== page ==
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Rumors that Google would merge Android and Chrome OS, or even just outright kill Chrome OS, have been coming and going for years. At its I/O 2016 developer conference, the company finally unveiled its grand plan: Android and Chrome OS aren’t merging (yet?), but their best features, respectively, are being ported over.
Late last year, when the Android and Chrome OS merging rumor resurfaced once again, I said there was only one feature that Google needed to bring from Chrome OS to Android, and that’s exactly what happened. On the first day of I/O 2016, Google unveiled that Android N will feature seamless updates.
This news was a surprise — It wasn’t rumored, nor did it leak in advance — and a pleasant one at that, especially for this journalist. It’s not every day that a feature request you make in a fun op-ed ends up being announced just half a year later.
Google was very upfront about where the feature came from: The upcoming Android N functionality is “inspired by how Chromebooks apply updates.” In short, devices running Android N or greater will be able to install system updates in the background. The next time you restart your new Android phone or tablet, it will boot up using the updated system image.
The other news we saw coming, and not just because it was rumored and leaked extensively, but simply due to the fact that Google promised it would happen. On the second day of I/O 2016, Google announced that Chrome OS was getting Android apps and games.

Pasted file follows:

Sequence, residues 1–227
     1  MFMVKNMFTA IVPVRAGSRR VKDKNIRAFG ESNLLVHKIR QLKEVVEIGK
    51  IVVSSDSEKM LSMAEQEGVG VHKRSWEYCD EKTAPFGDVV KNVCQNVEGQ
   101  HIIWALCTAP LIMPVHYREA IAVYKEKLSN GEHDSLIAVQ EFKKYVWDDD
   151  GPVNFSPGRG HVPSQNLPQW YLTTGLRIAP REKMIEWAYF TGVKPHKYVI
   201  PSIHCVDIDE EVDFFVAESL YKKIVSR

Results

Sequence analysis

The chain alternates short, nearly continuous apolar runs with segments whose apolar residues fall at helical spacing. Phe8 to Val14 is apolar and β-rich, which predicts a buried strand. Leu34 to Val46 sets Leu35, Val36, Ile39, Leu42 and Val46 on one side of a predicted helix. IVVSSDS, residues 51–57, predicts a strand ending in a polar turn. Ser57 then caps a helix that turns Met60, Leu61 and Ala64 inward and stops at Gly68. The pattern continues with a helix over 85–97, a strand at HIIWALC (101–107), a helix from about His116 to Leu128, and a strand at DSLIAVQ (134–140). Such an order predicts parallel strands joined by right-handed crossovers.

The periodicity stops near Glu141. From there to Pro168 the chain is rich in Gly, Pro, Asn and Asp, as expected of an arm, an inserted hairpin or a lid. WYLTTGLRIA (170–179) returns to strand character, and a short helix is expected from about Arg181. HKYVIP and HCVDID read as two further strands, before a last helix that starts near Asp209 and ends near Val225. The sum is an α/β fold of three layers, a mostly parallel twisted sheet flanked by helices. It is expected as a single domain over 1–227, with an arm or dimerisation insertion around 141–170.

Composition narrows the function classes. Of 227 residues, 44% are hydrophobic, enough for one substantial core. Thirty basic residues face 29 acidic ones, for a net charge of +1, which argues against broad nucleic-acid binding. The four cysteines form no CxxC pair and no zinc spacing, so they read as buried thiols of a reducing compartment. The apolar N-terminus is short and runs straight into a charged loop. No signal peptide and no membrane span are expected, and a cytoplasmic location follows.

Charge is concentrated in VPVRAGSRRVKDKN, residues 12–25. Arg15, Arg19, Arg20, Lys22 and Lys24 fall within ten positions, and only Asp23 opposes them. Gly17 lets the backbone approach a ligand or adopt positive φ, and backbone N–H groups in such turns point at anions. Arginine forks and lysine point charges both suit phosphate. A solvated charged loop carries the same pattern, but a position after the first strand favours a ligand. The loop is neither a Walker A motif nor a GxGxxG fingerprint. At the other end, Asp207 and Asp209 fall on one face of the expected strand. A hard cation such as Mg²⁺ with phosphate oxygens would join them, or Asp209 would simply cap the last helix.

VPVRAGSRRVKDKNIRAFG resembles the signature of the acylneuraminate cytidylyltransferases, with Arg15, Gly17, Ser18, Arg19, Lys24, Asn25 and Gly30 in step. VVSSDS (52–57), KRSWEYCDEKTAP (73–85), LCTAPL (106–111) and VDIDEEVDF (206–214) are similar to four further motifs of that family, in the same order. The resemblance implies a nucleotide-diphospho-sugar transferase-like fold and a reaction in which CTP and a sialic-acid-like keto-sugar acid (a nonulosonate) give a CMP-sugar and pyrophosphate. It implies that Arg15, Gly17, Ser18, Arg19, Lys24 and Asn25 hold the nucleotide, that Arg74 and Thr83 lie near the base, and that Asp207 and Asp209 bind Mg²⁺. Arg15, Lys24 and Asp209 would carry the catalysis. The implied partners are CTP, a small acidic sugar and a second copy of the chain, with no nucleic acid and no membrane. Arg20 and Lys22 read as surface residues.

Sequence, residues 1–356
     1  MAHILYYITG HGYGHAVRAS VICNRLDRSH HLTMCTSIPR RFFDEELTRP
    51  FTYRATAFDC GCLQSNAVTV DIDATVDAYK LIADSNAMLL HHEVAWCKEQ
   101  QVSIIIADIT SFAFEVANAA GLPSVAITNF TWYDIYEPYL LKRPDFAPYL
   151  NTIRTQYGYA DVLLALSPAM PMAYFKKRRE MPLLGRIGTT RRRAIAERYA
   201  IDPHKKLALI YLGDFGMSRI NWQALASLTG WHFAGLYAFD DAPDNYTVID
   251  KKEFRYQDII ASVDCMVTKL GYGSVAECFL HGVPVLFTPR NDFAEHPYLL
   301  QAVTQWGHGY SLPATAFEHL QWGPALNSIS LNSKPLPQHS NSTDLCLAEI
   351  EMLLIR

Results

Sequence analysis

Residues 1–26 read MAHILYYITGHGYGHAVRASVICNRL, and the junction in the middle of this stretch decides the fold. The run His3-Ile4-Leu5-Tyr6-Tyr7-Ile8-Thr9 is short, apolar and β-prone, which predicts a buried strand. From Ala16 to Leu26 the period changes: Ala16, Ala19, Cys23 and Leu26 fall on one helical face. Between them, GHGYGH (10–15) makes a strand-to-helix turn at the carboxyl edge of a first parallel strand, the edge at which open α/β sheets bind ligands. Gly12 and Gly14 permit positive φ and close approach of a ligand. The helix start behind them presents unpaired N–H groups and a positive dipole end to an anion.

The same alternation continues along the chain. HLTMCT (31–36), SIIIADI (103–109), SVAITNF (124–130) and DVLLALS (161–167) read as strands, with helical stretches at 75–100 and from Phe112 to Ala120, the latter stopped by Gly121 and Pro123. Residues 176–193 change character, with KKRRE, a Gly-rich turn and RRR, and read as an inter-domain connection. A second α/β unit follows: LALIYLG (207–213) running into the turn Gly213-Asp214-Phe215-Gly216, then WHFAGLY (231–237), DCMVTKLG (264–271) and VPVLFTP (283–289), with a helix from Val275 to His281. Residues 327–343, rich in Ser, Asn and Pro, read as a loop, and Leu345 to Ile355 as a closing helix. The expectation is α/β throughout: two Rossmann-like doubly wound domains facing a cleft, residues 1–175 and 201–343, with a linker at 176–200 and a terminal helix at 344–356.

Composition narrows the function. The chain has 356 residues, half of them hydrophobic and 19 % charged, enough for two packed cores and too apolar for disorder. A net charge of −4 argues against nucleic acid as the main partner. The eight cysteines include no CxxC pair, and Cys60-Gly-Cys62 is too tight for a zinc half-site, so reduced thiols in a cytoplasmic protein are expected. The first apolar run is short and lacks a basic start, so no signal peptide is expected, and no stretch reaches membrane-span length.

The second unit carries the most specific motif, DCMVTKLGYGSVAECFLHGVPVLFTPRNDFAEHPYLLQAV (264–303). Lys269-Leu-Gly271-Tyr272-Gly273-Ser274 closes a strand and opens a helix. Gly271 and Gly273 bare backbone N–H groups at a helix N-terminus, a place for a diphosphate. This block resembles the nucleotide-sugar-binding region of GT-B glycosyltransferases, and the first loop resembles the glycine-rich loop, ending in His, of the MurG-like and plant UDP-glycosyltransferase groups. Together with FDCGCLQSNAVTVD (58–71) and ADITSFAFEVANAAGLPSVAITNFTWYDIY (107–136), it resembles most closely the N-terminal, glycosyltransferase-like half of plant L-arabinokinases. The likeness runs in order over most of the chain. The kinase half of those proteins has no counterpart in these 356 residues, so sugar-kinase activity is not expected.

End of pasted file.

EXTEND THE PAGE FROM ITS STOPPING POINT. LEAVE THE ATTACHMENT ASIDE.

Even though this unveiling wasn’t a surprise, there were a lot of details that made it much bigger than it seemed at first glance. The whole Google Play store and the Android framework itself, not just the over 1.5 million apps and games, will be included in Chrome OS.
Let’s summarize. The most important feature in Android/Chrome OS is the app store/update system. Take it away, and you’re left with another easily replaceable mobile/computer OS. Instead, Google is bringing it to Chrome OS/Android.
Both features are coming later this year, and it’s certainly possible that key components will change. Still, we finally have a proper understanding of Google’s vision: Instead of merging Android and Chrome OS, or maybe before doing so, it’s bringing them closer together.
The two could still merge someday. In fact, by giving Android the dual partition system that Chrome OS uses, and by giving Chrome OS the Android framework, the two will start to resemble each other more and more.
In a few years, if Android becomes robust enough to work well on laptops, and the mobile Chrome browser becomes powerful enough, Chrome OS could become unnecessary. We’re a long way from such a point, but this year we’ll be closer to it than ever before.
Still, for now at least, Google was indeed telling the truth when it denied rumors and said that Chrome OS would live on alongside Android. Android and Chrome OS aren’t merging in 2016, but they certainly are converging.
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